Theresa May orders study into drug decriminalisation in Portugal and US to assess impact on use and addiction

Home Office minister will visit Portugal where criminal penalties for drug possession were scrapped in 2001
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A detailed study of Portugal’s decision to decriminalise drug possession – as well as moves to legalise marijuana use in two US states – has been ordered by Theresa May.

But the Home Secretary rebuffed calls by MPs to set up a Royal Commission to review Britain’s 41-year-old drugs laws and recommend changes.

The Home Office minister, Jeremy Browne, is to visit Portugal to examine the impact of the policy on levels of drug use and addiction.

Criminal penalties for personal drug use were scrapped in 2001, although tough sanctions remain in place for dealing.

He will also study evidence from the US, where Colorado and Washington state have voted to legalise marijuana. The drug has been decriminalised in another 14 states.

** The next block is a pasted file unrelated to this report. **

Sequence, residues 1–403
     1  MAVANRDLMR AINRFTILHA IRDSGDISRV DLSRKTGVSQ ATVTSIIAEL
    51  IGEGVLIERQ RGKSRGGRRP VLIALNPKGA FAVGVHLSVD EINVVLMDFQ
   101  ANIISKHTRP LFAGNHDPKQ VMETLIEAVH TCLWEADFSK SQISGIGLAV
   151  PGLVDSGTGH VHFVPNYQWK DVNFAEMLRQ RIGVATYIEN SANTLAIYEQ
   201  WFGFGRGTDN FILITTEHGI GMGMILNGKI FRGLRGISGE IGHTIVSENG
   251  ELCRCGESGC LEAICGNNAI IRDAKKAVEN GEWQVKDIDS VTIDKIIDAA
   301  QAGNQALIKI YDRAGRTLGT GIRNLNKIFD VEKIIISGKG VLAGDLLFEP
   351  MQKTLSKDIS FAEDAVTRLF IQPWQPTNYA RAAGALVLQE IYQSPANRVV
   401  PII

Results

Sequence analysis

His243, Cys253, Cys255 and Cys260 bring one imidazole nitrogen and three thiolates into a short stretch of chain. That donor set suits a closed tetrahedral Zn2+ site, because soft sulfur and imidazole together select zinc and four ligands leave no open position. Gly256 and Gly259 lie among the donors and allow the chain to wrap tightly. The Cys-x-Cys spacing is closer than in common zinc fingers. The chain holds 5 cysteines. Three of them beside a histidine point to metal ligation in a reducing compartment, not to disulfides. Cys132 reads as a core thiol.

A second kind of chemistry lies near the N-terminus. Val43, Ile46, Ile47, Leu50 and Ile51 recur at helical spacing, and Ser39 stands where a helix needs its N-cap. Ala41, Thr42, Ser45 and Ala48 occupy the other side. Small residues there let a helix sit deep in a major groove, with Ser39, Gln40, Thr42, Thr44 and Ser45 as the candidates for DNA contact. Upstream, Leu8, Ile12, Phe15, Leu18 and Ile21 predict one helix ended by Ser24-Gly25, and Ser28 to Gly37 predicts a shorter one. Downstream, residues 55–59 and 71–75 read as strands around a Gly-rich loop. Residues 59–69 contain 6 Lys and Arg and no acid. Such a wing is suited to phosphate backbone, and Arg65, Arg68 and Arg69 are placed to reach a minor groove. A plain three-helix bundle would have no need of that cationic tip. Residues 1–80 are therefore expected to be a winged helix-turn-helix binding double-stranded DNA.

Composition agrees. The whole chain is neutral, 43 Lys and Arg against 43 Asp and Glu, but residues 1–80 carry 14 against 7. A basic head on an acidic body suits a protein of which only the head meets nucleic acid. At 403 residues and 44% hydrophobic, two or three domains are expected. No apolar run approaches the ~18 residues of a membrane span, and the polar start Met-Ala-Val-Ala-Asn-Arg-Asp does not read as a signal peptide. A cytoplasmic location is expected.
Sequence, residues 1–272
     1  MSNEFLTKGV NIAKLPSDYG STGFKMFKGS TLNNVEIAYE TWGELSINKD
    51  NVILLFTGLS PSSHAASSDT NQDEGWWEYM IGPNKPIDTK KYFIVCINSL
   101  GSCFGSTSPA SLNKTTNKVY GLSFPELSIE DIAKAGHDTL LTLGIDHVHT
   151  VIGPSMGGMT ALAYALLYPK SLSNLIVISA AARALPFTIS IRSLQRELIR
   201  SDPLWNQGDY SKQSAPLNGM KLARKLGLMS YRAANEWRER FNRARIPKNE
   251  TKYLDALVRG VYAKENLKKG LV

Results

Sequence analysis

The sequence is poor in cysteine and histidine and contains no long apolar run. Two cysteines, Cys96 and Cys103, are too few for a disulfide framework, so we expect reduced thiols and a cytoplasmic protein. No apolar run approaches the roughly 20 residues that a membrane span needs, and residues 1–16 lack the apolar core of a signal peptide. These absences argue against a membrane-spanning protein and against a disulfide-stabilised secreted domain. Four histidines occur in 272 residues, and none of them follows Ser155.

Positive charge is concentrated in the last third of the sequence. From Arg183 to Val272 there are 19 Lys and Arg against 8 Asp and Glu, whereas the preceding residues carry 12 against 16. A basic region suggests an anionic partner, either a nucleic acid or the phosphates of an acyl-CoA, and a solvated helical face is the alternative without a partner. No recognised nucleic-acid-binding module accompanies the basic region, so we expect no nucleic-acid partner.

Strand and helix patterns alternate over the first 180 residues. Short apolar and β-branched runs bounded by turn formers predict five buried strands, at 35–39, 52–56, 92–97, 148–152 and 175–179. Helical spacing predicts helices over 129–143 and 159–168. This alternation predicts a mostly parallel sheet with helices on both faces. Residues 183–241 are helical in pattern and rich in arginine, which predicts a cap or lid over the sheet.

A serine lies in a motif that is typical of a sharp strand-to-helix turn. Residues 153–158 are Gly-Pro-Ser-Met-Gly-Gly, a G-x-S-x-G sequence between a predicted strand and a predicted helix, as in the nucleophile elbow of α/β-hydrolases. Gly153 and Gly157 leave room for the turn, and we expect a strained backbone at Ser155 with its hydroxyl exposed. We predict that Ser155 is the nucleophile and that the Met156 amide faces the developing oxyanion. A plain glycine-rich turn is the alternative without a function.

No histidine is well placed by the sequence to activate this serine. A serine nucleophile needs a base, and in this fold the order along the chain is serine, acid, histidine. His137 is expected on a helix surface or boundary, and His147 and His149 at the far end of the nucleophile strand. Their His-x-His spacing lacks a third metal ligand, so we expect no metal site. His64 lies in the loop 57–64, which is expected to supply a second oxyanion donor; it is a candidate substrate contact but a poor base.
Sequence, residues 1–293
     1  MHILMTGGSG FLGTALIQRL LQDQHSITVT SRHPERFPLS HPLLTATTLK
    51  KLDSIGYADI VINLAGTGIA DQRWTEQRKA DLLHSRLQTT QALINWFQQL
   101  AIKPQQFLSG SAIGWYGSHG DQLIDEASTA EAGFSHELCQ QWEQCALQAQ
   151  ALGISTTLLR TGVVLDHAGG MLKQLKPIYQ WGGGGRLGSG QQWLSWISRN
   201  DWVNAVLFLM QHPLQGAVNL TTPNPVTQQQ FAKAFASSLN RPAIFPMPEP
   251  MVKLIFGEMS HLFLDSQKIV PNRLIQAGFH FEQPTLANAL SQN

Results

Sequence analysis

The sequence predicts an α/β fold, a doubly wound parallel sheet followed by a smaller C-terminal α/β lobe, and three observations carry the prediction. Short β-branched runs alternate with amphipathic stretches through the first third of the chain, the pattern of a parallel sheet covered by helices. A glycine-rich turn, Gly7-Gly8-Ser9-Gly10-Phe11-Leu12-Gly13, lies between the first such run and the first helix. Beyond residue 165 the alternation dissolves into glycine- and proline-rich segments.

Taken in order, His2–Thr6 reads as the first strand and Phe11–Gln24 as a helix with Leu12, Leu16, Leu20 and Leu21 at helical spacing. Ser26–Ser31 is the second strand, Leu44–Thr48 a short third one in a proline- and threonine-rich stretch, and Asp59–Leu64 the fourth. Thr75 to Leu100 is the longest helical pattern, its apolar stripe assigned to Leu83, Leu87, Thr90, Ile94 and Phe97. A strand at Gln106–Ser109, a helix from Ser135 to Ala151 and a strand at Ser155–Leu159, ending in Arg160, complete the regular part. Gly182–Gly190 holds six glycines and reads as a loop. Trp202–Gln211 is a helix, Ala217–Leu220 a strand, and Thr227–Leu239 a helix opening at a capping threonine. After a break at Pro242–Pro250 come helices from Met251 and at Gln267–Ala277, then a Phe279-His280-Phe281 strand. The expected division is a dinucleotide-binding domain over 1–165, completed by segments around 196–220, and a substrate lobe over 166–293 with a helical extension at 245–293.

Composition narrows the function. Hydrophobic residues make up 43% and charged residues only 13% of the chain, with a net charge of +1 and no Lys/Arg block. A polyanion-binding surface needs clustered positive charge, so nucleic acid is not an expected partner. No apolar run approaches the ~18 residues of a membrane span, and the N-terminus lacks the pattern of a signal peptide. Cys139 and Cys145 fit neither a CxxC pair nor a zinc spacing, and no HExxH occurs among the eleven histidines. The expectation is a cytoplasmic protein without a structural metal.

Ms May was responding to a report by the Commons home affairs select committee which praised the Portuguese policy of replacing criminal penalties with an emphasis on offering treatment and counselling for users. The MPs said the initiative had reduced public concern about drug abuse and had been supported by the police and all political leaders.

They also urged the establishment of a Royal Commission to examine drugs laws – a proposal that has divided the Coalition partners after it was supported by Nick Clegg and rejected by David Cameron. Opponents saw the proposed move as a possible first step towards relaxing drug legislation.

In her response to the committee, Ms May said: “The government does not believe there is a case for fundamentally re-thinking the UK’s approach to drugs – a royal commission is simply not necessary.

“Nonetheless we must continue to listen and learn from emerging trends, new evidence and international comparators.”

She argued there were “promising signs” that the Government’s anti-drugs strategy was working, pointing to figures suggesting use of illegal substances is at its lowest since measurement began in 1996. The number of registered heroin and crack cocaine users in England has fallen below 300,000 for the first time.

Ms May also said drug-related deaths had fallen over the last three years and record numbers of people were managing to kick the habit through treatment.

She said Mr Browne, a Liberal Democrat, would “look at a number of countries that cover a spectrum of approaches to drug policy and assess their effectiveness in cutting drug use and reducing harm”.